The art of leadership – Keynote: Creative leadership

The art of leadership – Keynote: Creative leadership


Good afternoon, everyone. (audience responds) That sounds like there are seven people. – Good afternoon, everyone.
– (louder response) Alright, great. I know that it’s late. It’s been a long day, very inspirational but… You know…
my culture is a little bit call and response. So, forgive me if I ask for some
calling and some responsing. Alright, so first of all I’m gonna give you
ten seconds while I talk to think about your favourite lyric or your favourite two lines of a poem. I want you to think about that right now. But before we do that I just want everyone right now
to turn to the person next to them, either side, just say, “What’s up?” (mumbling in the audience) Or some version of. Now I need everybody
to just shout their name out. Just fill it with your name.
Fill this theatre with your name. On the count of three: one, two, three. (loud shouting) And I’m Kwame. Alright, good.
So now that’s given you at least 30 seconds to think about what your favourite lyric
or your favourite poem is. And you can shout it out or you can sign it,
I don’t mind what you do, just… Are we there? Just put your hand up
in the air when you’re there. Are we there? Are we there? We’re gonna shout it out together,
thank you. And the reason why I got you to say,
“What’s up?” to the person next to you, they’ll make sure that you shout it. (laughter) Alright. There, I can see the hands up. Alright, I’m gonna go ten, nine, eight, seven, six, five, four, three, two, one… Fight the power! (loud shouting) I can hear poems, man. There’ll be a test to find out if you still
think it’s the same favourite line at the end. But let me… let me just start by saying thank you
so much for inviting me to speak here. And most importantly, thank you, friends
and family, for welcoming me back home. It’s a really beautiful thing. (applause) Josie Rourke once said
that we make theatre in Britain like the Brazilians play football. I’m old enough to remember
being a child in the ’70s watching Brazil play on the telly. And I can look back now of course and I realise that they did more
than play the beautiful game. They, along with Muhammad Ali in boxing,
they were more than the sum of their parts. They made me feel connected
to a larger, more lofty goal – that of community, that of pride in that community amid the onslaught of subtle
or not so subtle notions of white supremacy. They inspired me
to be momentarily bigger than myself. In short, they not only inspired me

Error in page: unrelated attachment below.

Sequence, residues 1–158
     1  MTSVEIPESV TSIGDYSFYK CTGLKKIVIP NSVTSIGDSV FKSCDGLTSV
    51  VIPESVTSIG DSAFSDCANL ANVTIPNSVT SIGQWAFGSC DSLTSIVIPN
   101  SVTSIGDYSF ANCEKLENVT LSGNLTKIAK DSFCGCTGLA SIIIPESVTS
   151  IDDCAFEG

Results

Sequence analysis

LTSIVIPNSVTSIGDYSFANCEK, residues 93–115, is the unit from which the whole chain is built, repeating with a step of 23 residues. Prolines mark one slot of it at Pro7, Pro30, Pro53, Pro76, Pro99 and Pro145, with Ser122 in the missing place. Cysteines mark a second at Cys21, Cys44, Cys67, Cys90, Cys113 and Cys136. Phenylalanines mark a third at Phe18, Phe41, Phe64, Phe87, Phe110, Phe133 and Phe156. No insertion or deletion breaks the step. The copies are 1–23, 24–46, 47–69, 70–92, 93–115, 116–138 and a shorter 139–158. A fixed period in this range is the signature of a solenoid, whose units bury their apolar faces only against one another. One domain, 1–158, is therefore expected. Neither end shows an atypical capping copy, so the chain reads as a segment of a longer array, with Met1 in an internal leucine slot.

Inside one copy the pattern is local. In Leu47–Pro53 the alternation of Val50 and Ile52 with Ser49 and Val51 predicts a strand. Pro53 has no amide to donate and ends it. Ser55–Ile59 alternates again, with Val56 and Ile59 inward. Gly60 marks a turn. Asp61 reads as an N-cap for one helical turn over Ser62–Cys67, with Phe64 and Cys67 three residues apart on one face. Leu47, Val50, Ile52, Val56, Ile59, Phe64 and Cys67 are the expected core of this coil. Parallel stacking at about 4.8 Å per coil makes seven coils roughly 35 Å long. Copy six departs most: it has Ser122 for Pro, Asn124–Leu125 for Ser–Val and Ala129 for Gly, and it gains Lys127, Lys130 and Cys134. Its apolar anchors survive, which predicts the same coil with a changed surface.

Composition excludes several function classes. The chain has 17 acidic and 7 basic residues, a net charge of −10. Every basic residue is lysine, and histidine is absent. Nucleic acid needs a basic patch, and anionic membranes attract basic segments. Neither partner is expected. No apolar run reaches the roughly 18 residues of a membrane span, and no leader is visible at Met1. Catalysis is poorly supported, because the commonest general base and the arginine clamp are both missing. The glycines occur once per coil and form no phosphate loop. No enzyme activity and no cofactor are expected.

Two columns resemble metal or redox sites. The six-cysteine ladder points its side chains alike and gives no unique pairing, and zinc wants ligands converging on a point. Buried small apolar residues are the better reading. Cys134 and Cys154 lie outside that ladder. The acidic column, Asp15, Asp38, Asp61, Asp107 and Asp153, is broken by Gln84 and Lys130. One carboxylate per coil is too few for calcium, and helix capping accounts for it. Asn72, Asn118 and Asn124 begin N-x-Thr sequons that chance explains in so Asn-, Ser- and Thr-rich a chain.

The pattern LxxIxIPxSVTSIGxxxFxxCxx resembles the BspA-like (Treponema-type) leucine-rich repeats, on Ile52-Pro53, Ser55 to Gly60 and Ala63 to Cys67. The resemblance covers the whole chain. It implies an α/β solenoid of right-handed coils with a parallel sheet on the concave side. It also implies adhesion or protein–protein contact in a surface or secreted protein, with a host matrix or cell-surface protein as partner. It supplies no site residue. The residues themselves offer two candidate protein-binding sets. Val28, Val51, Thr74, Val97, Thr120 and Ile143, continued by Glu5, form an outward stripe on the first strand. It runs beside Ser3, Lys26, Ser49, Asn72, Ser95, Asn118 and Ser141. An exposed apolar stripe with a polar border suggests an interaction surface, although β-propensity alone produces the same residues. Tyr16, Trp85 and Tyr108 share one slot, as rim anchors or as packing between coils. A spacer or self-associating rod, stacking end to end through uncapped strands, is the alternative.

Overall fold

but they inspired a whole generation. – (dog barks)
– What was interesting… Thank you. – And what was interesting…
– (laughter) I’m sure that gag’s been done already… But what was interesting to me
in reading about that era and reading about those people is that they seemed to know that. There was a moment when
they just accepted, “I am bigger than me.” Now, we in theatre,
and the arts in general, I think we’re slightly shy
about being inspirational, about claiming that that’s our gig. And I understand it. Of course,
it’s almost impossible to measure. I mean, how do you put
growth figures against that? How do you quantify it? And yet I wager – as I’ve just proved – that everyone in this room has had a moment,
an interaction with a piece of art, that either changed your life
or kept you alive. Our job, I think, is to remember that our job
is to lead people to inspiration. I became an AD simply, actually, to stop myself complaining
about everybody else’s leadership. To prove to my mother that a life in art
could contribute to the greater good. Like every immigrant family, she wanted me
to be a lawyer or a doctor and I chose art. Anyway, I landed in
Baltimore Center Stage in 2011, and I had a really big P political agenda. I would catalyse debate with my art
that led to change. So I opened my first season with Arthur Miller’s adaption
of Ibsen’s “Enemy of the People”. I was really proud of myself. It was a run-up to the election. It was… The themes were really
relevant to what was happening with water in Baltimore at the time. And it was a disaster. It was savaged by the local press. Complaints from older subscribers
about the colour-blind casting I did led to subscribers leaving us,
sometimes in droves. It was really rough. And… although I was really proud
of the work that we did on that production it was marked in the annals
of Center Stage history as a failure. And it was my opening one. Well, it was a failure until,
actually on my last day as AD, my former board president sent me an article from “The Baltimore Sun”, our big newspaper,
dated 15 December 2017. And if I may, I’ll read it to you. “The predominantly
African-American neighborhoods along the western bank of the river
just south of downtown Baltimore are crisscrossed by major highways
and scarred by industries that have left their toxic stamp
on the environment. Destiny Watford, now 22, had heard that Energy Answers planned
to build its Fairfield trash incinerator, one that releases thousands of pounds
of greenhouse gases and toxic substances into the very air
that her school was very close to – Benjamin Franklin High School in Curtis Bay,
less than a mile away. But it wasn’t until a class field trip
to Center Stage in 2012, she says, that she fully understood the consequences
it could have on her community. The students saw “An Enemy of the People”, a play written by Henrik Ibsen